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'Zero chance' - Sir Clive Woodward: 'I knew there was no way Ireland could win that game'

By Ian Cameron
Henry Slade, Jamie George and Jonny May /PA

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World Cup-winning coach Sir Clive Woordward says Ireland had ‘zero chance’ of beating England in Twickenham and says his prediction of a comfortable win was justified.


England dominated Ireland 18-7 at Twickenham in their inaugural Autumn Nations Cup meeting, a fourth win on the trot against Andy Farrell’s men. It seems Eddie Jones’ team have Ireland’s number, as they scathed them in the tackle and smothered them in a seemingly omnipotent defence for the best part of 80 minutes.

England made 238 tackles to Ireland’s 72, and all but shut out the men in green until a late Billy Burns’ kick put Jack Stockdale in under the posts, giving the scoreline a more flattering hue despite a one-sided affair.  The score was in fact the first points England had conceded in more than three and a half hours of Autumn rugby.

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The mood in Ireland camp has been relatively positive following the defeat. Skipper James Ryan said he believed Ireland were ‘closing the gap’ on England, while veteran scrumhalf Conor Murray said: “If we had taken one or two of our opportunities then the game is up in the air as to who gets the win.”

Woodward didn’t see it that way.

Writing in his Daily Mail column, Woodward says that England have emerged from a 13-month hiatus following their World Cup humbling at the hands of South Africa, and are now the ‘best defensive side’ in the world.

“When I saw the selection on Thursday and felt the vibe coming out of the camp, I knew there was no way Ireland could win that game and was very confident in my prediction of a comfortable England win,” wrote Woodward.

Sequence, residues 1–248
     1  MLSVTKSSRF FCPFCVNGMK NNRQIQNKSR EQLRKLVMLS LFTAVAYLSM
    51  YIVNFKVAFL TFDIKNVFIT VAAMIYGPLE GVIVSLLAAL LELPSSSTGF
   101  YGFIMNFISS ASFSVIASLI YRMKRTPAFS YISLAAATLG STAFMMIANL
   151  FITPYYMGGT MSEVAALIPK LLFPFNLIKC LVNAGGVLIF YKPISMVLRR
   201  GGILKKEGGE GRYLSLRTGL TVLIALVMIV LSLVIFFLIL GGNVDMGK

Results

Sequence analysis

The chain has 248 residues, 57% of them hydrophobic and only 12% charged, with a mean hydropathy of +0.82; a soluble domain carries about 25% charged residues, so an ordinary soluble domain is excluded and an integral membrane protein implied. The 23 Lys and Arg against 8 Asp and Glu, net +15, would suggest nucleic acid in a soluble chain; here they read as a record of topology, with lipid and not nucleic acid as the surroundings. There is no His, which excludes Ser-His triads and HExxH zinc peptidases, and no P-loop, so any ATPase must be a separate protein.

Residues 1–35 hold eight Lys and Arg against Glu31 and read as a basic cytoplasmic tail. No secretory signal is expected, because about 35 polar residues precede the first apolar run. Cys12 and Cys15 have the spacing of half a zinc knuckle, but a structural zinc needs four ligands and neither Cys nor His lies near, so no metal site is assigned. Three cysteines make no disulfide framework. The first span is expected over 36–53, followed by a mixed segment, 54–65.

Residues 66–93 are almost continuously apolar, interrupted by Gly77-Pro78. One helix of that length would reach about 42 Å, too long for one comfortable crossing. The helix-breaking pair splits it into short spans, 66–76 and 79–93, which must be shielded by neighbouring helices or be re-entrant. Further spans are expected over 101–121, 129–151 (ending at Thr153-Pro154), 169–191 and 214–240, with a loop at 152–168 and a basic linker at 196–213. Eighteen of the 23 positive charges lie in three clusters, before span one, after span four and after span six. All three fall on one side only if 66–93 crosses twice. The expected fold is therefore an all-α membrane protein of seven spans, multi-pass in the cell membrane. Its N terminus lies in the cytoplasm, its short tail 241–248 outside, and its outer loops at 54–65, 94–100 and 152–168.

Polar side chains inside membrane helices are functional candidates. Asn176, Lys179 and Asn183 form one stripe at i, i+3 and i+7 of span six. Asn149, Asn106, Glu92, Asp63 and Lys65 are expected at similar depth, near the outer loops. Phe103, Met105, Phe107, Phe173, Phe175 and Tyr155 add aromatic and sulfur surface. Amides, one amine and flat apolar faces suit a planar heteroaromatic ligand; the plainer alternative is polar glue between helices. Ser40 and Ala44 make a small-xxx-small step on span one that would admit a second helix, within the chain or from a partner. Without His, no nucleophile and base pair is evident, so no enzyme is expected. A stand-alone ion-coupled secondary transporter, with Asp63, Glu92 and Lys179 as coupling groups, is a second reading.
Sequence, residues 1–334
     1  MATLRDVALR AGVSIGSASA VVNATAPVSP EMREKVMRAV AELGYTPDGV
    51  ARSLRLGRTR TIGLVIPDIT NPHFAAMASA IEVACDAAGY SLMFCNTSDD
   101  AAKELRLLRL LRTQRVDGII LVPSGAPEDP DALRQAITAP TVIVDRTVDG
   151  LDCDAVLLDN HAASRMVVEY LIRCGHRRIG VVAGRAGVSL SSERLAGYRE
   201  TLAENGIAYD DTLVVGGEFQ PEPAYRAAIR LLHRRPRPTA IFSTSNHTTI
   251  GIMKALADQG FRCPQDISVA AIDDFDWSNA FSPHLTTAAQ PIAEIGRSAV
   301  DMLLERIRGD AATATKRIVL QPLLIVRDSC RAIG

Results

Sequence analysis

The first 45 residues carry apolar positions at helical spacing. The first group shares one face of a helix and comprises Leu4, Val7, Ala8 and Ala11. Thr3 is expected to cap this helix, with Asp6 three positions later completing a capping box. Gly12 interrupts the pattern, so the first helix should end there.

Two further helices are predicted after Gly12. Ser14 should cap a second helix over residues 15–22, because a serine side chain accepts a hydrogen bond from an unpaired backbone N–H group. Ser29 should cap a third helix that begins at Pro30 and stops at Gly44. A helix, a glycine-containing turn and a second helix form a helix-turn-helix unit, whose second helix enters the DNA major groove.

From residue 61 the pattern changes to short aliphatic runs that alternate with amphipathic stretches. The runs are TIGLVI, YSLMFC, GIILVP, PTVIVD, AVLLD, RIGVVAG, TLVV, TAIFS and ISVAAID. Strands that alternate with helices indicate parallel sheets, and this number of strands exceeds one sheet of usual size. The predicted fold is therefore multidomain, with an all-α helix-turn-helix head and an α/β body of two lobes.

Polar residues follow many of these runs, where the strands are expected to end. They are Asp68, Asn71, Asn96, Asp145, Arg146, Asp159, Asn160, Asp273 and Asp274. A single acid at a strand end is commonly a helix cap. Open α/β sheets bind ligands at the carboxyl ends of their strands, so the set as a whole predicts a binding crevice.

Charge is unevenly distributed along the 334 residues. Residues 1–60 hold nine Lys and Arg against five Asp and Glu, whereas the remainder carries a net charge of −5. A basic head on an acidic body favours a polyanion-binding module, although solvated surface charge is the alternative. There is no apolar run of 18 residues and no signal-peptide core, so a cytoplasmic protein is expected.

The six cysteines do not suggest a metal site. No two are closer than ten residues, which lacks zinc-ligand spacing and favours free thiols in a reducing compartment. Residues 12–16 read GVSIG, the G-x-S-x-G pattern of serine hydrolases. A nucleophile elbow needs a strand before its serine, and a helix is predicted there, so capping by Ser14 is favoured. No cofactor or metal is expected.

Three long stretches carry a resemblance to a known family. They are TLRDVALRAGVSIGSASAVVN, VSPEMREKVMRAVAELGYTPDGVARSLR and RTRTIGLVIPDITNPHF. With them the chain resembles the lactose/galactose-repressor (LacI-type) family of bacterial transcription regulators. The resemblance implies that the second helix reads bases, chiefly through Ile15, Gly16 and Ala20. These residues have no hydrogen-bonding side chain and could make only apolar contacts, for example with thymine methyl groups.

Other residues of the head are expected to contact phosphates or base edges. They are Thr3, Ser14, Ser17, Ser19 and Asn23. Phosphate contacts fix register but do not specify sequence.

The former England and Lions boss also took exception to Farrell claiming that some of his players had changed from ‘boys to men’ during the game.

“Ireland coach Andy Farrell seemed to take a deal of comfort in seemingly dominating the game, and even claimed that some of his players had changed from ‘boys to men’ during the course of it; I’m not so sure.”

Woodward says that the possession stats Ireland boasted were misleading.

“Ireland have a high-class pack and were always going to win their share of possession, but it’s what you do with it that counts — yes, they were missing some key players, but the way they played they had zero chance of beating England. Zero.


“There was always going to be plenty of tackling for England to get through, but they were prepared for that. Judging on this performance — one to 15 — England are probably the best defensive team in the world.”

Woodward did have some advice on how Ireland could have beaten England: “There were, of course, things they could have done. The first tactic you adopt against such a stifling defence is at the breakdown. Ball in hand, there are three options: left, right, but most importantly route one which is punching through the middle of the ruck.

“Try to clear out defenders, find a hole and try to get in behind that white wall. Breach it even by a couple of feet and you start to build a little momentum.

“Secondly, there is the kicking game. Right at the end, Billy Burns showed what might have been with his clever little dink forward which set up a try for Jacob Stockdale.

“Kicks to the wings — as with May’s first try for England — were another option Ireland needed to explore. Anything to break up England’s defensive stranglehold.”

Woodward had a strong record against Ireland as a head coach, winning five of the seven Five and Six Nations games he played against the team while in charge of England between 1997 and 2004.

“England had their opponents exactly where they wanted them and Ireland merely played into their hands.”

“Another tactic Ireland needed to employ — and you know what’s coming — was the humble drop goal. Drop back in the pocket and help yourself to a couple of drop goals to start the scoreboard ticking over.

“Lastly, when your lineout is not going well, why take that option when there are alternatives such as quick tapped penalties or rehearsed penalty moves?

“To beat a team who play like England, you must have ways of taking them out of their comfort zone. Take more risks.”

Next up for England is the prospect of Wales in Parc Y Scarlets, and you fancy that Sir Clive is backing England to get the job done there.


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